The tech industry is going gaga over the Internet of things, a nebulous set of technologies that make everything from refrigerators to body sensors and wearables communicate with each other and with apps on your smartphone, tablet, PC, and Internet services. One example of the Internet of things mania is Cisco Systems chairman John Chambers' declaration that the market will be worth $19 trillion, a figure larger than the entire U.S. gross domestic product.
But if you look past the hype, there is a lot of exciting, useful technology -- much of it mobile -- being developed under the "Internet of things" rubric. What scares me is that if the crazy hype doesn't kill the Internet of things in its tracks, the cellular carriers might do it in.
The cellular carriers are salivating over the Internet of things, as they see it creating huge demand for cellular data services over their 3G and 4G networks, as devices all try to talk to each other for reasons both smart and stupid. Of course, they want to own as much as that service as possible. In fact, the carriers have been eyeing this market for years, preparing to own as much of it as possible.
So you have, for example, Audi and Tesla both agreeing to make their future cars run their embedded computing systems over AT&T's U.S. cellular network. You have alarm companies tying up with AT&T, Sprint, T-Mobile, or Verizon to provide communication between alarm systems and the monitoring office over cellular, as landline phones continue to disappear from homes. AT&T and General Electric are also looking at ways to embed machine-to-machine (M2M) cellular radios in industrial equipment, transmitting through the AT&T network, of course.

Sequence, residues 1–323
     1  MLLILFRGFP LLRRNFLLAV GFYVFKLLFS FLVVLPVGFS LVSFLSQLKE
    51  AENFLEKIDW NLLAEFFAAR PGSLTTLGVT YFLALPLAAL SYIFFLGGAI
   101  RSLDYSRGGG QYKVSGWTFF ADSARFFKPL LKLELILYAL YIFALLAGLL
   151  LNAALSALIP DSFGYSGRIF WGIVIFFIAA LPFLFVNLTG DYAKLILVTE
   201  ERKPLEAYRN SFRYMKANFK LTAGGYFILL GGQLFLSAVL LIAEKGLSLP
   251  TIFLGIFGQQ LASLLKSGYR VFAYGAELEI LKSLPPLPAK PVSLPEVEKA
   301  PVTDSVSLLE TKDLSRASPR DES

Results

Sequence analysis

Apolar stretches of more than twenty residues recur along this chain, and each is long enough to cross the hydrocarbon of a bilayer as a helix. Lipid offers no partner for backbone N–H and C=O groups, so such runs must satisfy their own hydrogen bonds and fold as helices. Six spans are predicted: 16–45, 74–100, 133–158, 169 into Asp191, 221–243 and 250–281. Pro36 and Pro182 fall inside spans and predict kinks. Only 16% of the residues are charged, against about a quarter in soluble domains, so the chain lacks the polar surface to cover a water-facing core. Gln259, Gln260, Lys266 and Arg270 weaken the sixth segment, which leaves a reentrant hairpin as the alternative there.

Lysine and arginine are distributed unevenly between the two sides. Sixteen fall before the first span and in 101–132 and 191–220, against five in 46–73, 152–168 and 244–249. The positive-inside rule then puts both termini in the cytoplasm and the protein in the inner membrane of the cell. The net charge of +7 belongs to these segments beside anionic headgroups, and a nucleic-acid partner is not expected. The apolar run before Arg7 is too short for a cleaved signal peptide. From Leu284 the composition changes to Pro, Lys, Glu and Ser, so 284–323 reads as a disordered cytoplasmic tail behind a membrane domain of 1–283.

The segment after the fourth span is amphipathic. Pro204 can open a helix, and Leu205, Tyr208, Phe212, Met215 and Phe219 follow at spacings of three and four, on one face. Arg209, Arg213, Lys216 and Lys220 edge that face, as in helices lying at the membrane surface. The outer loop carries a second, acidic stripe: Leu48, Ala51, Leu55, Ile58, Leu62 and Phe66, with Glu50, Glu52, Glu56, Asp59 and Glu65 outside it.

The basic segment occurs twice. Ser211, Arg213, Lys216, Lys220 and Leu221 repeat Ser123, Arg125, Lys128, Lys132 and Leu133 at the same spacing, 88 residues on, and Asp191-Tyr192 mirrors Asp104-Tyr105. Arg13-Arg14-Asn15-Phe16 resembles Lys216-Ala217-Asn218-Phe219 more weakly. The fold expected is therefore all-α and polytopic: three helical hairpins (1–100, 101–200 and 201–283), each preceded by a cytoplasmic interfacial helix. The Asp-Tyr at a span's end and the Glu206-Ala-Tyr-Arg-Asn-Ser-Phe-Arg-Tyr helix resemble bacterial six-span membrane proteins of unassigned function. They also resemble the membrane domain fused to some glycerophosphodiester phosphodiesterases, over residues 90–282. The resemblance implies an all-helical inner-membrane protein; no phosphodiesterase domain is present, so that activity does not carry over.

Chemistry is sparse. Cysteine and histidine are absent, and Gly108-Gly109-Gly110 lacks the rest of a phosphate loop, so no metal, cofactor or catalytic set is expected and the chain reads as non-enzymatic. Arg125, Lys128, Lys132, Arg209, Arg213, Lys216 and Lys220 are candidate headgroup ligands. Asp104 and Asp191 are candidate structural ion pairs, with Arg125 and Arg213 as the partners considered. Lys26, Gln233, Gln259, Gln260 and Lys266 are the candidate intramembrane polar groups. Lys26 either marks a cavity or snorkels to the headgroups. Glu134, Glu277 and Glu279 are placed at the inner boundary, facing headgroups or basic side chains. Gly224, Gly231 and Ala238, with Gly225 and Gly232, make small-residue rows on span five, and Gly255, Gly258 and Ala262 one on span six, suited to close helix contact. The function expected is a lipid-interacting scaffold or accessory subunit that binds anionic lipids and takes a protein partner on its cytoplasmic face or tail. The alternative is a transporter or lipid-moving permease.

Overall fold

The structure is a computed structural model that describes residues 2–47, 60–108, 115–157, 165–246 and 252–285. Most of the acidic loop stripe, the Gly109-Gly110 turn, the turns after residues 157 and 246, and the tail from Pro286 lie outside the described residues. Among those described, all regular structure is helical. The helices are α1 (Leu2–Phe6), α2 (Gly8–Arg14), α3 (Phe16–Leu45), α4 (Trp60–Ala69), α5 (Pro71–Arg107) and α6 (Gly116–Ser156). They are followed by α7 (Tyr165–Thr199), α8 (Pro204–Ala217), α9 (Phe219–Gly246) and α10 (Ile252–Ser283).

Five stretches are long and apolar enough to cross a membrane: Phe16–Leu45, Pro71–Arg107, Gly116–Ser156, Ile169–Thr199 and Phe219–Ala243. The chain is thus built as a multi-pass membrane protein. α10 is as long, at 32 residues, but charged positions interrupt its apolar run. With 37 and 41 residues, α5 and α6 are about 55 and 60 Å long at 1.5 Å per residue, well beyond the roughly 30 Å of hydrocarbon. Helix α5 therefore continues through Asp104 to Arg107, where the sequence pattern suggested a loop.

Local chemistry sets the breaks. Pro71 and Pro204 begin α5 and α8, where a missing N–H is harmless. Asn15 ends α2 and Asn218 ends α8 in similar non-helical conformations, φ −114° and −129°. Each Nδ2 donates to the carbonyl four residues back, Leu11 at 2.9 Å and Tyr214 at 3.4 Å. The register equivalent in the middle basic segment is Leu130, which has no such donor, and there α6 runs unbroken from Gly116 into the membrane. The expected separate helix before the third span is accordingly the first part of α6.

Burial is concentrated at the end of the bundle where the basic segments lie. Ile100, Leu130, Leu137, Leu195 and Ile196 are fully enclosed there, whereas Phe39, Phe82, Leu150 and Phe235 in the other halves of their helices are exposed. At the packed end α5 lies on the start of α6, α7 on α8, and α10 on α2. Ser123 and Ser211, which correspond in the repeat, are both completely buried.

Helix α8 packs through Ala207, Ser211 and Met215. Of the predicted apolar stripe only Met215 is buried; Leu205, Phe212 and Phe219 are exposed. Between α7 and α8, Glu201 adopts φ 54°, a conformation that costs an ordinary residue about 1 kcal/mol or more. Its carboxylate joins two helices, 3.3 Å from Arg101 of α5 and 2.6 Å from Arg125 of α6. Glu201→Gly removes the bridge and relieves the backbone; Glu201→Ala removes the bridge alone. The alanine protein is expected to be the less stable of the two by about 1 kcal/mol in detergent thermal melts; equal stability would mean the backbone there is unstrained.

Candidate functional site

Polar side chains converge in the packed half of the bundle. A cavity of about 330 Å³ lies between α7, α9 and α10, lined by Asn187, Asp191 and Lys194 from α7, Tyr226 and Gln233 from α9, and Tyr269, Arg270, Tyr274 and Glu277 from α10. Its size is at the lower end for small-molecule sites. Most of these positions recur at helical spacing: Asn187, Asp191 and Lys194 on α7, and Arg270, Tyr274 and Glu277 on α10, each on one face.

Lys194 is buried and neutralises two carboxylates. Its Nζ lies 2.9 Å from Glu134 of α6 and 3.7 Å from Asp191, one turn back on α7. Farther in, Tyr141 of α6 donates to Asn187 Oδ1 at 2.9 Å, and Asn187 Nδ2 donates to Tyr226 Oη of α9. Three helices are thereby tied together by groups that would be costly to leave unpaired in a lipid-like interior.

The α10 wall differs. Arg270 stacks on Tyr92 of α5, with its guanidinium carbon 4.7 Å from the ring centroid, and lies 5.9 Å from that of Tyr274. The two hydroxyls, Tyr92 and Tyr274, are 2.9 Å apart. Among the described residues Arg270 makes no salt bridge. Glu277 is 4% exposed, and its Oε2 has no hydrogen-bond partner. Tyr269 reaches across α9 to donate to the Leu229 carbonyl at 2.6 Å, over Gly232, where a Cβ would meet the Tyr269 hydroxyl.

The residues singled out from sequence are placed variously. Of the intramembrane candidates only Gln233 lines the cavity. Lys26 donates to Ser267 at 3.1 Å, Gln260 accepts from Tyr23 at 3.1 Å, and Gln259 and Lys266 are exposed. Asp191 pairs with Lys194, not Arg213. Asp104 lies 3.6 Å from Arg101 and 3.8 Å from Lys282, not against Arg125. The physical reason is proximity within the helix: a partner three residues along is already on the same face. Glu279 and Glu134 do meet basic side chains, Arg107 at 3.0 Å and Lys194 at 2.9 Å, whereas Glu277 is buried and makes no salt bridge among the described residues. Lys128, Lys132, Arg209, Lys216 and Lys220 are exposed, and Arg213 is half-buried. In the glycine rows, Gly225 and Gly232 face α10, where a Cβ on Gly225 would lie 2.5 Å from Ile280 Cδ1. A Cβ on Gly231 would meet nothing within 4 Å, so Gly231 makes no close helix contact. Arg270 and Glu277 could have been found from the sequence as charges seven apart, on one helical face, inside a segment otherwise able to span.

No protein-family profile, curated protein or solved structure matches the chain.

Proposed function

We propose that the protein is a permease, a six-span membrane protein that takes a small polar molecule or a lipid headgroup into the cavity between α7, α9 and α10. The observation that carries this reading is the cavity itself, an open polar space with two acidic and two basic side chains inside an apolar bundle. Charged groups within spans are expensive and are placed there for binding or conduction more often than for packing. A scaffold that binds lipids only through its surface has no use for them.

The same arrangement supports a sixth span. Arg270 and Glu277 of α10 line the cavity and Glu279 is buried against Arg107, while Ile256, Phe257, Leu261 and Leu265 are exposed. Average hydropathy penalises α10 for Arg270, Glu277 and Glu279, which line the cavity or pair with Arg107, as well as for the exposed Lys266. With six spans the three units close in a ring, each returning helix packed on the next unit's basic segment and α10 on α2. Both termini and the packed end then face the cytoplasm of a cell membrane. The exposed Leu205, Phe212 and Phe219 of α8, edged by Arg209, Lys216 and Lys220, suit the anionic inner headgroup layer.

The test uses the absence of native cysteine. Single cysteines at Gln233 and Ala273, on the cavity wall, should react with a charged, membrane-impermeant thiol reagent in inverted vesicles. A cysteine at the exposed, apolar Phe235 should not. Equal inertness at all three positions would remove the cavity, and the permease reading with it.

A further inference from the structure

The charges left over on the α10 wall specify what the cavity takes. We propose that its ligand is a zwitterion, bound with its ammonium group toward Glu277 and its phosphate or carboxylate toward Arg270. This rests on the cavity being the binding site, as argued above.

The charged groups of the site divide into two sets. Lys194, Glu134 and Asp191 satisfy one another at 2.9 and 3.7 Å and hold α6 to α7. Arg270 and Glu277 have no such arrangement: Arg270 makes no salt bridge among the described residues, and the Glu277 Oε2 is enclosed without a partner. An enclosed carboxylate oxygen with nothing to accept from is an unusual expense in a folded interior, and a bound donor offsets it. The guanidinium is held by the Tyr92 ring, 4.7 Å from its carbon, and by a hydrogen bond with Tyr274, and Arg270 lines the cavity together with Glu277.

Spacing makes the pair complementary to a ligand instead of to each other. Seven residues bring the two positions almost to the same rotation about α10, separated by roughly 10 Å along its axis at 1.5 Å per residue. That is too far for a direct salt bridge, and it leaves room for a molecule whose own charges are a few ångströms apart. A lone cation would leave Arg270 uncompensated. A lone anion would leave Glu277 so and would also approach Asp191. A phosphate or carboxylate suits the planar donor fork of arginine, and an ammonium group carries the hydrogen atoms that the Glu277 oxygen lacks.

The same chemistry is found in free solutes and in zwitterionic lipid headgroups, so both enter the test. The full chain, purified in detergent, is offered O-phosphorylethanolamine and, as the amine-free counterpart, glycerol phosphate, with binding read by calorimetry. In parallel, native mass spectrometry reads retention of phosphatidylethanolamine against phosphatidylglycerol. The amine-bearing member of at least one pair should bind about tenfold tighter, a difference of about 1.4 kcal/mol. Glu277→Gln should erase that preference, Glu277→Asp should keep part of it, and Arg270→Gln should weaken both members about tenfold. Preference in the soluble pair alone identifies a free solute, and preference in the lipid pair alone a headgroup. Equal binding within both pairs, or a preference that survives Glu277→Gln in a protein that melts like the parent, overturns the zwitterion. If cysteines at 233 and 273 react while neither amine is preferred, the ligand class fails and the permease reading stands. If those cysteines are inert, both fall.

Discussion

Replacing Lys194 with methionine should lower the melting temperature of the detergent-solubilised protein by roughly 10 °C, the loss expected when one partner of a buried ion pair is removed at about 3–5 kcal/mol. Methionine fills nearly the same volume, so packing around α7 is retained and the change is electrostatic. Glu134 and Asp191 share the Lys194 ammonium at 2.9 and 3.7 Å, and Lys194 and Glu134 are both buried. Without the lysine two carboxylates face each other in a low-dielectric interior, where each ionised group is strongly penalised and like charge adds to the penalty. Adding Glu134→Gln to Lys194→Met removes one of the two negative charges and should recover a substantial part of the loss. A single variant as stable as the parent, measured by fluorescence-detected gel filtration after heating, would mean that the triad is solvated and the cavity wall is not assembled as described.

Any buyer in their right mind should recoil in horror at the thought. Any device or service provider should too.
Imagine your car being tied to a specific carrier for its lifespan, which these days is easily a decade. Now think about the inconsistencies in your carrier's cellular coverage: It's great here, terrible there. That coverage quality changes over time even in the same location. At my house, for example, the Verizon voice service that has worked reasonably well for a decade no longer can keep a call active for more than five minutes, and Verizon has no clue why that changed, much less what to do about it.
Do you really want your car, refrigerator, alarm system, and so on to be stuck with a single provider, no matter where you live or drive? It's bad enough with smartphones and tablets, but imagine that situation with something you can't easily replace.
Some neighbors experienced this issue firsthand with their alarm service, which was tied to T-Mobile. Problem is, T-Mobile's signal in the central part of San Francisco where I live ranges from poor to nonexistent. At my neighbor's house, it is nonexistent, so my neighbor's alarm can't connect with the monitoring service. The alarm company of course can't swap out the radio or SIM card to change carrier -- its deal is with T-Mobile, and T-Mobile only. As a result, my neighbors had to pay for a landline they otherwise don't need, on top of several hundred dollars more for the replacement equipment and service to connect the alarm to it.